The nearest metaphor to this type of speech is the test-pattern noise you hear from your TV when you wake up with the lights on at 4 a.m. after dozing off to Attack of the Killer Tomatoes. The political parallel happens something like this: You stare at the candidate. You squint and listen closely, searching with muscular effort to find an idea, or a shard of one at least. As you do so, a few slogans and phrases break through the background noise, just enough idea fragments -- uncomplicated by personality or passion -- to prevent dogs from circling around, heads cocked to one side and ears pricked in canine wonder:
Beeeeeeeeeeeeeconomicdevelopmenteeeeeeeeeeeediversityeeeeeeeeeeeethe poorest among useeeeeeeeeeeeincrease the tax baseeeeeeeeeeeeeconsensuseeeeeeeeeeeep!
The test-pattern speech is, I am sorry to report, Supervisor Mabel Teng's preferred form of public communication. And I have to admit that while I listened intently to the Teng-pattern last week, I quickly ceased any note-taking. I am sure her campaign manager will take issue with this failure in reportorial technique. But I take issue with the fact that Supervisor Teng had nothing to say. Not a single interesting, novel, heartfelt thing.
Really, I was amazed. Usually, even the most prepackaged and insincere candidate will drop his or her guard and say something slightly new every once in a while. Not Mabel. Much of the time, she read from a prepared script. Much of the time, she repeated nostrums and quotes she'd served up to the press months ago. They weren't interesting then, either.
"We gave Muni a no-excuses budget. ... We need child care to move people from welfare to work. ... We passed a compassionate budget."
What a tremendous bore.
As a proximate consequence of her blandness, Teng is expected to be among the top vote-getters in the November Board of Supervisors race and, therefore, could end up as president of the board. If that happens, she will control who is assigned to what committee and when and where legislation is heard (or killed).
Polls show she has one main challenger for the honor of controlling the fate and flow of local law: Supervisor Tom Ammiano.
Tom spoke at the same event Mabel used to assault my senses. But he didn't go beep.
Ammiano was all heart and, to risk offending the sensitive children of San Francisco, balls. Watching Ammiano was both exhilarating and refreshing. (And I don't even agree with his policies half the time.)
Unlike other candidates at this Chamber of Commerce forum -- Teng, Mark Leno, and Victor Marquez -- Ammiano did not use notes. His answers and ideas seemed to come from a coherent reservoir of belief he didn't need to be reminded of. (Teng read her three-minute opening presentation off a notebook.)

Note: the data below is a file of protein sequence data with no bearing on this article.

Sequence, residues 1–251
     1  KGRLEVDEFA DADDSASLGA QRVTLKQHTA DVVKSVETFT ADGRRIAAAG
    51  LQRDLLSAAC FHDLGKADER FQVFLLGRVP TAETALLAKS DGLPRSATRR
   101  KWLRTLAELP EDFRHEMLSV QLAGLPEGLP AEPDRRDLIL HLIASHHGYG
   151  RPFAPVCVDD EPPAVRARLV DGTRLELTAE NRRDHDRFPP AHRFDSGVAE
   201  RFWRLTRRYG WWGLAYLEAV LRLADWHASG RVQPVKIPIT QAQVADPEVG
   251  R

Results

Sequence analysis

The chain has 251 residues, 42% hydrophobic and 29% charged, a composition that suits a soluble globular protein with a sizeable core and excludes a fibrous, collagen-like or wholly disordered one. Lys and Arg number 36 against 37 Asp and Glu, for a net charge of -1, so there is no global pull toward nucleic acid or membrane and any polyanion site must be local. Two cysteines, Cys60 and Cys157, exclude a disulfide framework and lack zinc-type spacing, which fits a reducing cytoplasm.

Ammiano's presentation was more remarkable because he was playing Daniel in the lion's den to Teng's homecoming queen. Teng has already received tens of thousands of dollars from business and is clearly corporate San Francisco's chosen candidate for board president.
The business community sees Ammiano as a Bolshevik. He has attacked bank double-dipping on ATM fees. He has tried to tax every paper clip business uses. He has harassed business lobbyists with regulatory measures. At the chamber forum, Ammiano was facing a group of people whose only decision vis-a-vis his candidacy is how hard to try to unseat him.
In this posture, Ammiano could have been forgiven for a little waffling.
Instead, he introduced himself with a threat. It was a nice, polite, oblique threat. It followed all the rules of protocol that are in force when you're sitting at the head of a fine wood table in a fine wood-paneled room on the ninth floor of a downtown office building that is filled with folks who would throw you out the window, and take bets on which car you might hit, if they could get away with it.
But it was a threat all the same. And he just didn't make it once. He said it two, three, five or more times.
"We are beginning the transition to district elections, which will change how we deliver goods and services."
Seems a bland reminder of the obvious doesn't it?
It wasn't. What Ammiano was saying, and what I am sure the suits gathered around the boardroom heard, was this: Hey, you corporate clowns, all that money you pour into campaigns that buy you supervisors and allow you to control the debate over fiscal policy isn't going to matter nearly as much after we switch to district elections, where retail politics will trump big money.
At every turn, Ammiano looked his enemies in the eye and told them exactly what they didn't want to hear.
Asked about Muni, he said the system needed a reliable source of revenue to keep the trains running on time. He said this dedicated source of money might be raised by taxing downtown property owners for the disproportionate amount of Muni service they utilize.
This isn't a new idea. What he was bringing up, by name, is called a transit assessment district. Since the early 1980s, supporters of a progressive tax structure have wanted to levy a tax on downtown property owners because, they contend, the Financial District uses vastly more Muni services than the rest of the city. Problem is, when anyone has even suggested updating a 1982 study that supported the progressives' argument, downtown lobbyists have taken the idea behind City Hall and beat the crap out of it.
But the most telling contrast between the two front-runners for board presidency came when the chamber asked its litmus-test question: What will you do when the economy takes its inevitable downturn and reduces government revenue? (The question was prefaced with the observation that government, and the cost of it, has grown considerably during these boom times.)